• Journal Article

Change in metabolic syndrome parameters with antipsychotic treatment in the CATIE Schizophrenia Trial: Prospective data from phase 1


Meyer, J. M., Davis, V. G., Goff, D. C., McEvoy, J. P., Nasrallah, H. A., Davis, S. M., ... Lieberman, J. A. (2008). Change in metabolic syndrome parameters with antipsychotic treatment in the CATIE Schizophrenia Trial: Prospective data from phase 1. Schizophrenia Research, 101(1-3), 273-286. DOI: 10.1016/j.schres.2007.12.487


BACKGROUND: The metabolic syndrome (MS) is associated with increased risk for diabetes mellitus and coronary heart disease, and is highly prevalent among schizophrenia patients. Given concerns over antipsychotic metabolic effects, this analysis explored MS status and outcomes in phase 1 of the CATIE Schizophrenia Trial.

METHODS: The change in proportion of subjects with MS and individual criteria was compared between antipsychotic treatment groups, along with mean changes for individual criteria. Primary analyses examined subjects with fasting laboratory assessments at baseline and 3 months. Other analyses examined 3-month changes in MS status, waist circumference (WC), HDL cholesterol and blood pressure in all subjects, metabolic changes at the end of phase 1 participation (EOP), and repeated measures changes in HDL, blood pressure (BP) and WC over phase 1.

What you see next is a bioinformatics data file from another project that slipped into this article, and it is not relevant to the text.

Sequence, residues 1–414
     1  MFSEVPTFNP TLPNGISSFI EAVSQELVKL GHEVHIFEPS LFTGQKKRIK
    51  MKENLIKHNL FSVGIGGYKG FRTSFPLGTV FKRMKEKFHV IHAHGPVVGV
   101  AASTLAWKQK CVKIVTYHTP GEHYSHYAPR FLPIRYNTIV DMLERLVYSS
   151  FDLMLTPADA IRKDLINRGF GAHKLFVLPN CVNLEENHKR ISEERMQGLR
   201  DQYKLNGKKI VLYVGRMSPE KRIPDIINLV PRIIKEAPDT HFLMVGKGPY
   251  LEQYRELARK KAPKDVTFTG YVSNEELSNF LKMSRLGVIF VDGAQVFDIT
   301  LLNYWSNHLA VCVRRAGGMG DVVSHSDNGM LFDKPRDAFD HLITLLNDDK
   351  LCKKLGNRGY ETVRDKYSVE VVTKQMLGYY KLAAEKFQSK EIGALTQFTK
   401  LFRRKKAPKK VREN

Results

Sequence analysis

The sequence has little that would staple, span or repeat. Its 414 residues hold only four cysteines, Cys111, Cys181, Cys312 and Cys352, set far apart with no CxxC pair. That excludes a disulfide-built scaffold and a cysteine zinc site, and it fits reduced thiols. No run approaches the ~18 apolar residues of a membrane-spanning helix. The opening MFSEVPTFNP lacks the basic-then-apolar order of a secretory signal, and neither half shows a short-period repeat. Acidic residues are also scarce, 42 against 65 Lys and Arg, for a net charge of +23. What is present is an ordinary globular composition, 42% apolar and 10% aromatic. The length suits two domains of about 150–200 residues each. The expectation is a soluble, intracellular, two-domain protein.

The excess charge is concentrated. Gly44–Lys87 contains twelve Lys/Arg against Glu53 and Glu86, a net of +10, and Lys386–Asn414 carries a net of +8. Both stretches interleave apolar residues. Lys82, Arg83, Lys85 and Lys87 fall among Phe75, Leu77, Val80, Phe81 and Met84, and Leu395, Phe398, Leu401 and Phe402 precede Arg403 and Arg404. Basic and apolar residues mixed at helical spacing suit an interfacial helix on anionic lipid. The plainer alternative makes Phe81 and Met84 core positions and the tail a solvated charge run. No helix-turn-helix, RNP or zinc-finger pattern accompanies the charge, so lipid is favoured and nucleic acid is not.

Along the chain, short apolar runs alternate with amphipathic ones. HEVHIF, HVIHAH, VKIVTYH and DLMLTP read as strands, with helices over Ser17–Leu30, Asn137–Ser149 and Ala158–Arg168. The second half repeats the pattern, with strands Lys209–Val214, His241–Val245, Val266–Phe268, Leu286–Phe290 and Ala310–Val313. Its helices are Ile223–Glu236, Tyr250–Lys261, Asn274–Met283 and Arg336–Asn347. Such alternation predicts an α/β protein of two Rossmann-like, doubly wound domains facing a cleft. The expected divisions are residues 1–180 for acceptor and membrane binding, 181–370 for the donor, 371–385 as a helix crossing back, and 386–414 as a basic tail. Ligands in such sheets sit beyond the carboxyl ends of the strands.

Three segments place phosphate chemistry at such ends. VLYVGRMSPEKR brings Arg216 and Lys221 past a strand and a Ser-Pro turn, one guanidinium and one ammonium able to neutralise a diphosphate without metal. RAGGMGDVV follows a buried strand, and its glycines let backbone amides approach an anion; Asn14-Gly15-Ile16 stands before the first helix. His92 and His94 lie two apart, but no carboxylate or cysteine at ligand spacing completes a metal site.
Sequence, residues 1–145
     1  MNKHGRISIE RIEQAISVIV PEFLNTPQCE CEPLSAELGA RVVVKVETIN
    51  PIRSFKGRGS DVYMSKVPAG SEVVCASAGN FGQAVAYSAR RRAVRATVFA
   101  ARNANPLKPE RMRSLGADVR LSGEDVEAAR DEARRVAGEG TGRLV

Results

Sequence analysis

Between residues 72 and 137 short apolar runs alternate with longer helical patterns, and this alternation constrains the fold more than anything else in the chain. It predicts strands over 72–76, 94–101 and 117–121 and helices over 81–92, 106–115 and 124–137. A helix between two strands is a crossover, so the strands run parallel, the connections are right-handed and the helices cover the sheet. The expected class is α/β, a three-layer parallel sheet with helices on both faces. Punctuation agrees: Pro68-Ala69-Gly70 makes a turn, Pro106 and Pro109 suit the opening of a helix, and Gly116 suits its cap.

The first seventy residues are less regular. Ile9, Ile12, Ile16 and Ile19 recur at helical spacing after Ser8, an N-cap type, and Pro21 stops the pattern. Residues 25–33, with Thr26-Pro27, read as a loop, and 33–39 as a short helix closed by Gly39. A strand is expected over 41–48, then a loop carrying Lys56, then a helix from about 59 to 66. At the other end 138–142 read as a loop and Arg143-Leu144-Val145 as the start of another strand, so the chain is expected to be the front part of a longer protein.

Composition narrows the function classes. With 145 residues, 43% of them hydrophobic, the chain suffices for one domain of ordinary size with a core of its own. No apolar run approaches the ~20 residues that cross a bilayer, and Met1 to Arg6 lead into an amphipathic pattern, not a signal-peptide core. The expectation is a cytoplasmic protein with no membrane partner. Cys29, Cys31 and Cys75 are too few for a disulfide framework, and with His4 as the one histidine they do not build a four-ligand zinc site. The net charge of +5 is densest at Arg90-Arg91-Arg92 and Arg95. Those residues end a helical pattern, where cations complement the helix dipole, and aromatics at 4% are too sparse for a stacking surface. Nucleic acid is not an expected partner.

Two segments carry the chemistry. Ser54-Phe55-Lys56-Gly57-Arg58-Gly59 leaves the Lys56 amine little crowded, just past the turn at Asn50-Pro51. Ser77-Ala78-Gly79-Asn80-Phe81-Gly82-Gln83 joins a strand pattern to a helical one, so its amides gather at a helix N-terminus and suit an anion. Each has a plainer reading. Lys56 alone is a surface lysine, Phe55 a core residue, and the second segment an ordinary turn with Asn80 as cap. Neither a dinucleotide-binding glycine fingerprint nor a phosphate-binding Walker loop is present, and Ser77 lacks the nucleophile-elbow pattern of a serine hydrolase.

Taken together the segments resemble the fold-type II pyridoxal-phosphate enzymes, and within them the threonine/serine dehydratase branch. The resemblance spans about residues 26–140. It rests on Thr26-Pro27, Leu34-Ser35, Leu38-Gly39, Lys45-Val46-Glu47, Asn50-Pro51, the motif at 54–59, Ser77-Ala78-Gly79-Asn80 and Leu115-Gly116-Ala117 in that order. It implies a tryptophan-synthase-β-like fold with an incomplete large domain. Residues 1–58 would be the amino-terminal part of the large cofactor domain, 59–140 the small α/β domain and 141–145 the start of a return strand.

RESULTS: At 3 months, there were no significant between-drug differences for the change in proportion of subjects meeting MS status or individual MS criteria in the smaller fasting cohort (n = 281) or for those meeting criteria for parameters not dependent on fasting status (BP, HDL, WC) among all subjects (n=660). Among all subjects whose MS status could be determined at 3 months (n=660), MS prevalence increased for olanzapine (from 34.8% to 43.9%), but decreased for ziprasidone (from 37.7% to 29.9%) (p=.001). Although effect sizes varied across subgroups, at 3 months olanzapine and quetiapine had the largest mean increase in waist circumference (0.7 in. for both) followed by risperidone (0.4 in.), compared to no change for ziprasidone (0.0 in.) and a decrease in waist circumference for perphenazine (-0.4 in.). Olanzapine also demonstrated significantly different changes in fasting triglycerides at 3 months (+21.5 mg/dl) compared to ziprasidone (-32.1 mg/dl). EOP exposure data was obtained, on average, nine months from baseline for all metabolic variables. Results from EOP and repeated measures analyses were consistent with those at 3 months for mean changes in WC and fasting triglycerides, but between group differences emerged for HDL and SBP.

CONCLUSIONS: This large non-industry sponsored study confirms the differential metabolic effects between antipsychotics. Clinicians are advised to monitor all metabolic parameters, including WC, HDL and serum triglycerides, during antipsychotic treatment.